It's amazing how quickly the year goes! This year has been a bit of a roller coaster for my family emotionally, so that's what comes to mind, but there have been many things I've accomplished in my writing life. Here's the short list:
It's that time of year. Auld Lang Syne and all. The rush of Christmas is over. A bit of nostalgia creeps in and we wonder where did the year go?
For many of us, 2010 wasn't as kind as former years. I can't say I'm sorry to see it go. In fact, I'm trying to sweep it swiftly off the calendar as I chase dust bunnies from beneath the couch with my broom. The past is done and I won't dwaddle on how things could've been better. But, I will appreciate the accomplishments achieved and lessons learned along the way.
- I reconnected with my local RWA chapter (CFRWA). I can't express how wonderful it is to walk into a room filled with a group of people who get what it means to be a writer.
- I created a blog website~ Kristal Lee Romances. Some days I praise the wisdom of that decision, some days I curse it. Because some days, there aren't enough hours in the day to attend to everything.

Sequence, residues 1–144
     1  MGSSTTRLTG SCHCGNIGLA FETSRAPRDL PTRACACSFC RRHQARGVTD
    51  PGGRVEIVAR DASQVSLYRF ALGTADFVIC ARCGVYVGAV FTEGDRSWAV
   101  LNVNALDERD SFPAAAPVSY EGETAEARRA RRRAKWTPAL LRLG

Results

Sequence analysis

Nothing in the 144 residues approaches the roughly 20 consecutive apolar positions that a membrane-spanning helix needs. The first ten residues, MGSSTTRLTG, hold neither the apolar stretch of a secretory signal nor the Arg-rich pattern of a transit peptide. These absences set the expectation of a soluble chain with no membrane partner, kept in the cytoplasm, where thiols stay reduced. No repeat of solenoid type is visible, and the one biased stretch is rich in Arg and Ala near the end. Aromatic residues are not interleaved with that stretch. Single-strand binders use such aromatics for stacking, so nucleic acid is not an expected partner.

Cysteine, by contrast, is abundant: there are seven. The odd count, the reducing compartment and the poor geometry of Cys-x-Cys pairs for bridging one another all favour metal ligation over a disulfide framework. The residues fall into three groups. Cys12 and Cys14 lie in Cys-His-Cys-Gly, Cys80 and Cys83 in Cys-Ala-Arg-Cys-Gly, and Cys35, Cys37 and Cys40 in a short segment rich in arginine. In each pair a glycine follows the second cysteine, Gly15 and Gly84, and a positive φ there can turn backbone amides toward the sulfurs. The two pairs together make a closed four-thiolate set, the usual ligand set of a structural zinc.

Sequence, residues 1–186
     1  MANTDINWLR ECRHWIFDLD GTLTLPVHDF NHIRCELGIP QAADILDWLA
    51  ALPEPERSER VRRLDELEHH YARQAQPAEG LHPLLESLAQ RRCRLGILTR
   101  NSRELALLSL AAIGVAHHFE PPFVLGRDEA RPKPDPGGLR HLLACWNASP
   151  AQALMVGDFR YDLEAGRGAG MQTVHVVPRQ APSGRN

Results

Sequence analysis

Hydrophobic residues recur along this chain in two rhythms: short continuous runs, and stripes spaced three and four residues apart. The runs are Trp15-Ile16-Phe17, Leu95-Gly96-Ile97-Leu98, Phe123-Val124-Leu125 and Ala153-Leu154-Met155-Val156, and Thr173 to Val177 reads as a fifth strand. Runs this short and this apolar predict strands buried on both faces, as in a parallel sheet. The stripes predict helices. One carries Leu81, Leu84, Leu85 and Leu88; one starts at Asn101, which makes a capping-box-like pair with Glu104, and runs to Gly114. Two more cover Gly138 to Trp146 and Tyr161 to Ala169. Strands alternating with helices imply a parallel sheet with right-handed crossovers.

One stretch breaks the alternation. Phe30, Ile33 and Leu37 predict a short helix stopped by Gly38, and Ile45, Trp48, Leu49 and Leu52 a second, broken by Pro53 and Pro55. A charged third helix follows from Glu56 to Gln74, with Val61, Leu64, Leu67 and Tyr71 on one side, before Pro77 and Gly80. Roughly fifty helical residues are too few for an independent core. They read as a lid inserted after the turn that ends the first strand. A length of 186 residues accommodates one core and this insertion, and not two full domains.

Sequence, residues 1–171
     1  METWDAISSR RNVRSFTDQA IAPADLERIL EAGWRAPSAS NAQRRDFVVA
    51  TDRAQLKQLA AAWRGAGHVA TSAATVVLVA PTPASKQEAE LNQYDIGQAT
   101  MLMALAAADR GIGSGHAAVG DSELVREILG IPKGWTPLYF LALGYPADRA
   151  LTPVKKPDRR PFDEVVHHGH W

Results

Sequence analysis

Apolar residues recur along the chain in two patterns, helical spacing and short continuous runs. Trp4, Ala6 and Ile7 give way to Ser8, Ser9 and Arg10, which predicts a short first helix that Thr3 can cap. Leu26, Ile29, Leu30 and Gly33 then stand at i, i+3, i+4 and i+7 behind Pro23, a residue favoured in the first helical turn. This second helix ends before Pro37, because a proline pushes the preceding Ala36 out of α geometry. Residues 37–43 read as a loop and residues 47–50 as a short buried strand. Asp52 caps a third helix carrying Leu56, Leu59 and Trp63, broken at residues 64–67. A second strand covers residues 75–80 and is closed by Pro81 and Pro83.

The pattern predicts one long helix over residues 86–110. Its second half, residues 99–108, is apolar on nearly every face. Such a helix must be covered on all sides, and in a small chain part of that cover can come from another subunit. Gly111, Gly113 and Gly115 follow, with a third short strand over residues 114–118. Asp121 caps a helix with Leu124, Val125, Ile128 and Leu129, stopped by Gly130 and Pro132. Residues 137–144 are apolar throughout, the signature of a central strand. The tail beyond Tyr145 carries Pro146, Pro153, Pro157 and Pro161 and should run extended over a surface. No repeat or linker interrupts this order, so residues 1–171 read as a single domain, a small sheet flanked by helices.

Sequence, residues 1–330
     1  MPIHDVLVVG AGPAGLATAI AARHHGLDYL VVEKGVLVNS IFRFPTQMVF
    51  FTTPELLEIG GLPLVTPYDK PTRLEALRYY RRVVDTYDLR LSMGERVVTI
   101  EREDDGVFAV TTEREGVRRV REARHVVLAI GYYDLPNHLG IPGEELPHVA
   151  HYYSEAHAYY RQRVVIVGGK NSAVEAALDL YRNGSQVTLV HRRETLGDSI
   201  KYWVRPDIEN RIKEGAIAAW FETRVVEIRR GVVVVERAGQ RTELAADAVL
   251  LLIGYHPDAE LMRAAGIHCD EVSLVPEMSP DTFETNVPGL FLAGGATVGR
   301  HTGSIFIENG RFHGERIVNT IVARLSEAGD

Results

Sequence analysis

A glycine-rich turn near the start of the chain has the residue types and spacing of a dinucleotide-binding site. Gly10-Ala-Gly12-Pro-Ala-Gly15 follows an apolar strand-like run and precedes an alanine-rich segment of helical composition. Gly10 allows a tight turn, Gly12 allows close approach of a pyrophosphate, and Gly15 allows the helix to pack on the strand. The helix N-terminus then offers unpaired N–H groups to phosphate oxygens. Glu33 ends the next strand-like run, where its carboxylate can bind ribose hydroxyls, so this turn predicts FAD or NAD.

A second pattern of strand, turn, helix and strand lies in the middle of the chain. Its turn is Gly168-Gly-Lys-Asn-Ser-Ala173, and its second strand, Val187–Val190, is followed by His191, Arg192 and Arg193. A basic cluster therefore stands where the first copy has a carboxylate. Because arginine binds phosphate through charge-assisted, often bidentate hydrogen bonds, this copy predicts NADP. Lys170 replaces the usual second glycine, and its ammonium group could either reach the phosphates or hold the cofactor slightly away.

- I joined the New Kids on the Block and have been honored to get to know them and follow their journeys as I trudge through my own.
- I attended my first RWA conference. The opportunity came in the midst of personal chaos. But, with the hubster's encouragement and family support, I went. Definitely a scenic high point along the bumpy, curvy, slippery road that is and was the Year 2010.
- I joined The Season as a book reviewer. Although this crunches into my writing time, it's been time well spent. By reading more, especially my genre, has helped me improve my writing skills.
- I participated in NaNoWriMo for the first time. I discovered how to set writing goals and keep them. As a result...
- I completed the first draft of Howlin' Hearts, a WIP that had been in production for nearly two years. And more good news, three other stories evolved during the process. Zippidity-do-dah!!
- Live healthier. I want to make a conscious effort to eat better, exercise, and niche out some quality time for myself. All sadly lacking in 2010.
- Increase my circle of writer friends, online and in person, by participating in online classes and local workshops.
- Write a minimum of 500 words a day. Whether it's a blog post, a book review, or a few paragraphs on my WIP, I want to develop a daily habit of writing.